“In fact, water pollution is critical to any form of aquatic life. A large number of fish in a lake at Kanpur zoo had died due to a dip in the dissolves oxygen level earlier in July. This sudden fall in oxygen level was caused due to the release of affluent by a nagar nigam nullah that opened into the lake. This unexpected incident cost us the life of thousands of small fish though larger ones mainly survived. We installed pumps to clean the water and introduce oxygen into it. Now the dissolved oxygen level is 7 which is good enough. We held talks with the authorities and Commissioner Mohd Iftekharuddin ordered diversion of the nullah to avoid a repeat of the casualty in future. He also got a power sub-station installed at the Kanpur zoo that is providing 24 hour electricity. It is a welcome step because we make special arrangements for our zoo-inmates during winters, like heaters etc.”
According to Anuj Saxena, DFO, Bulandshahr: “It is very important to create awareness among people, especially villagers, and those living in the vicinity of the river. No amount of work would be of any use if the locals do not co-operate, hence we have to work in tandem with the villagers. Another suggestion is to acquire two-km stretch of land on either sides of the river and plant trees or grass on it—ie bring it to forest use. This ‘dedicated’ piece of greenery would then serve as a filter and stop filth from getting into the river. Villagers can be motivated to modify the land use and get an income for that. This income should adequately substantiate what they were earlier earning through that land. Banning plastic and stopping all kinds of illegal activities would be other important steps.”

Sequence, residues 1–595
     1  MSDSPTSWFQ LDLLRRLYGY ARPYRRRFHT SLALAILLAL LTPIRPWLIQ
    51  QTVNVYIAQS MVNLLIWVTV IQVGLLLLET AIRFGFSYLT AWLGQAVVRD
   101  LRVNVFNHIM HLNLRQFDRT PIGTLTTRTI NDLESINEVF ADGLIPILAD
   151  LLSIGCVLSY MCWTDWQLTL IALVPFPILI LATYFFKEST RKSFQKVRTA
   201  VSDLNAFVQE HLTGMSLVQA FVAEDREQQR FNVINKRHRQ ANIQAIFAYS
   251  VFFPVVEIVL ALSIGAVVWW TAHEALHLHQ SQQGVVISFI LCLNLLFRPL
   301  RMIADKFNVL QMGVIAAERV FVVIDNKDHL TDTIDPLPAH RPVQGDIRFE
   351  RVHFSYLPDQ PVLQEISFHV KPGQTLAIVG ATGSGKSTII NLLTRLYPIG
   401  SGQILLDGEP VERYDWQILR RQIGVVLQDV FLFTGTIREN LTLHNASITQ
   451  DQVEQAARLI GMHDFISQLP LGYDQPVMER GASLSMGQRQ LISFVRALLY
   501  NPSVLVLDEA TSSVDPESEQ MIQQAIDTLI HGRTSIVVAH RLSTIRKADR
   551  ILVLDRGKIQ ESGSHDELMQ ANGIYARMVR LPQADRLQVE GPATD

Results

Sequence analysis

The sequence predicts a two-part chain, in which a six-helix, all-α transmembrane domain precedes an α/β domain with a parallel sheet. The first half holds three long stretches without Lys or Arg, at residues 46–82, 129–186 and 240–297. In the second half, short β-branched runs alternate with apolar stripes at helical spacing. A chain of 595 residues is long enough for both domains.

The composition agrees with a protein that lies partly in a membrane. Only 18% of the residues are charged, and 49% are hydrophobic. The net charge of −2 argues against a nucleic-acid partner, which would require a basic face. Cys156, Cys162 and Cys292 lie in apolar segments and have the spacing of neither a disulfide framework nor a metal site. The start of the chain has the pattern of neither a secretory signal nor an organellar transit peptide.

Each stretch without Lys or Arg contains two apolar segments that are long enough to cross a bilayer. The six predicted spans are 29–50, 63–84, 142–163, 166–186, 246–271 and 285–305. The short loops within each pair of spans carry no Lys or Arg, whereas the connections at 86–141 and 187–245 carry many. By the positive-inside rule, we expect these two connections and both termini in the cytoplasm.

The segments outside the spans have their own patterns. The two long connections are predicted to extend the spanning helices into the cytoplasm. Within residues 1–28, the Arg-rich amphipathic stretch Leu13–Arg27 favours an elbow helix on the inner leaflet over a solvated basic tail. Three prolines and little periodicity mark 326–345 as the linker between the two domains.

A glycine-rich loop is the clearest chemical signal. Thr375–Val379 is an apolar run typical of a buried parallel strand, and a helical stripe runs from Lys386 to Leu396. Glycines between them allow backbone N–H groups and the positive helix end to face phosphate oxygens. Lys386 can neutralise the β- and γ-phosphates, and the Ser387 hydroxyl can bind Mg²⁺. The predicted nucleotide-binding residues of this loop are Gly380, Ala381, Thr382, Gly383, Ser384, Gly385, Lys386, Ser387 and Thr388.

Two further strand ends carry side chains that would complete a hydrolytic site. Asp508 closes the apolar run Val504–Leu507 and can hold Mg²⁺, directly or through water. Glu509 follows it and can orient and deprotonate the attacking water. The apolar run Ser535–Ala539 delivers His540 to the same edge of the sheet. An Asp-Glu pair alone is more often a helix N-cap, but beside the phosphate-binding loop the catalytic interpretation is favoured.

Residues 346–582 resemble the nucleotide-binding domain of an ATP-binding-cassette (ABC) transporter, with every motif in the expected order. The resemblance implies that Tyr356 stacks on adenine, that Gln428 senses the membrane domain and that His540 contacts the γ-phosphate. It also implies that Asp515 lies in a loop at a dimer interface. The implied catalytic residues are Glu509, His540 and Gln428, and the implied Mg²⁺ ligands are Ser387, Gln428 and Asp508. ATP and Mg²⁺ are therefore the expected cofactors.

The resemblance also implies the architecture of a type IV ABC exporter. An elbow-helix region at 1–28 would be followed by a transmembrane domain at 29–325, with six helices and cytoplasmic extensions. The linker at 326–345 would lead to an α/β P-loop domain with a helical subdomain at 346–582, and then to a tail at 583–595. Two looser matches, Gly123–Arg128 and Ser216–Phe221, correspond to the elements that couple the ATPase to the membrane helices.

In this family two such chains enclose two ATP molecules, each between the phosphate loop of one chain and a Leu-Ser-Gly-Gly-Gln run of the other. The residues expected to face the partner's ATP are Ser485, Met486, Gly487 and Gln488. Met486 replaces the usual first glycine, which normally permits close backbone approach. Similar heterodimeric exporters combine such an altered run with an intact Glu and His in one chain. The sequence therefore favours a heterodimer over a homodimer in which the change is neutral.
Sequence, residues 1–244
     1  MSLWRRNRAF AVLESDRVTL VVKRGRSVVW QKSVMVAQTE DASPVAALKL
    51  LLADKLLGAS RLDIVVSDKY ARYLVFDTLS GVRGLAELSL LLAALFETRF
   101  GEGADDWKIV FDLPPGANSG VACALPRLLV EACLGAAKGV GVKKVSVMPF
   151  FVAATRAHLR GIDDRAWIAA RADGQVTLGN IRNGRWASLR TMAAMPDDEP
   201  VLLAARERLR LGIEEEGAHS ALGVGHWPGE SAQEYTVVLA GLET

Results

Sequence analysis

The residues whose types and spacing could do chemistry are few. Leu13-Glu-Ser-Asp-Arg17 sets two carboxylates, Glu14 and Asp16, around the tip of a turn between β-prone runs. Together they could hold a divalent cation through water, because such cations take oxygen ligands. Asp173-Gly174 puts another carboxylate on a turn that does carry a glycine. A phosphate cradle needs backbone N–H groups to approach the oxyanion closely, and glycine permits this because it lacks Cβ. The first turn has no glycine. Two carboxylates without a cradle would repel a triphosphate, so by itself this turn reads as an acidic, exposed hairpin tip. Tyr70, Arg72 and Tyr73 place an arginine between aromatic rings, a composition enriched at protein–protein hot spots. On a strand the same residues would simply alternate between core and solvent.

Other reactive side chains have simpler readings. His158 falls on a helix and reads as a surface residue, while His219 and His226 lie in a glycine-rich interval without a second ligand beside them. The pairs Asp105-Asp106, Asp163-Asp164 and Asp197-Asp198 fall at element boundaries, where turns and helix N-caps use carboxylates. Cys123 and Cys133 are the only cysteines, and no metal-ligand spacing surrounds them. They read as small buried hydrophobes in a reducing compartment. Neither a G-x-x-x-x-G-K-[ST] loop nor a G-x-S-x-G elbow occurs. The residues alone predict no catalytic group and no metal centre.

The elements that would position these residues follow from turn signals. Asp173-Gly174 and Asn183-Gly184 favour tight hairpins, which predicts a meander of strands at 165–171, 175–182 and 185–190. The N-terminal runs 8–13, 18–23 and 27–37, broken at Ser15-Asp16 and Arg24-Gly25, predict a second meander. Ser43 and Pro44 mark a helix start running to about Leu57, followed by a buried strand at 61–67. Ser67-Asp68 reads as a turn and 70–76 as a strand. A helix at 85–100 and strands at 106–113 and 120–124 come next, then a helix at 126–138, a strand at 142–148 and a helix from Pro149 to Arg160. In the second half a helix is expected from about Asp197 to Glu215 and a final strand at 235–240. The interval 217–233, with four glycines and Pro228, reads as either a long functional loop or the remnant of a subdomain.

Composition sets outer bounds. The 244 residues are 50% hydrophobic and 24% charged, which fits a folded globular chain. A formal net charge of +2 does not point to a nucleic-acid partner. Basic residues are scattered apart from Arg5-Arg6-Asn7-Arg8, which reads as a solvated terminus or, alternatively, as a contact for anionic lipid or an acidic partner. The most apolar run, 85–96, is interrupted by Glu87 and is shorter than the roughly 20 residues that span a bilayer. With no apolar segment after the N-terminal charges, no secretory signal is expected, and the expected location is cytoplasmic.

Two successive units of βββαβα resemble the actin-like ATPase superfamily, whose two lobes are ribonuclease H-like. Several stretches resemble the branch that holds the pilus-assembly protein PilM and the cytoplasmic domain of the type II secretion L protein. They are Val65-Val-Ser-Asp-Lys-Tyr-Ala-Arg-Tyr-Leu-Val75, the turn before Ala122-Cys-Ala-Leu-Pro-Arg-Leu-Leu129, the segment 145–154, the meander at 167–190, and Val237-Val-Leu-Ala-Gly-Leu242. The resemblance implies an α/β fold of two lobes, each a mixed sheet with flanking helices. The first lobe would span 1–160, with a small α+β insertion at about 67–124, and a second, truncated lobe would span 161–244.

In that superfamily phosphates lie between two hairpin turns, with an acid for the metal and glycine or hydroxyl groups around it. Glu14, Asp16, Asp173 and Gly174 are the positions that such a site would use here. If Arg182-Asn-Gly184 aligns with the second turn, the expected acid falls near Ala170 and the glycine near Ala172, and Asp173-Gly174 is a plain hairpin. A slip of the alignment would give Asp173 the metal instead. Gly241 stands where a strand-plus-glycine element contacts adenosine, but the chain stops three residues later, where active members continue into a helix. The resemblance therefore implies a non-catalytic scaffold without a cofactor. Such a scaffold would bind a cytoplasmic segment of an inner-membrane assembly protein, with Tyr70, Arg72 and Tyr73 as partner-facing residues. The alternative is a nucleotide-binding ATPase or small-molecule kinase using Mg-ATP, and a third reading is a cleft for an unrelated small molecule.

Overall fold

It may be mentioned here that WWF-India, the UP forest department and the UP government had launched ‘My Ganga, My Dolphin’ campaign in the year 2012 during the Wildlife Week (October 1-7). It was done to celebrate the Ganga River Dolphin Conservation Day on October 5, as on this day the Government of India had declared the Ganga River Dolphin as the National Aquatic Animal. The campaign presented a holistic approach to dolphin conservation in Uttar Pradesh. Surveys were conducted using a unified methodology, conservation awareness was generated and capacity of relevant stakeholders built. The first such census was held in 2012 and the second attempt was in 2015. The 2012 census was conducted along a 2500 km stretch of the Ganga and its tributaries. It involved 150 participants in 18 teams, and 671 dolphins were counted. This formed the baseline data for dolphin count for the state. The 2015 census was held on 3350 km stretch of the Ganga and its tributaries. It involved 200 participants in 20 teams, and 1272 dolphins were counted. There has never been a dolphin count held on national level.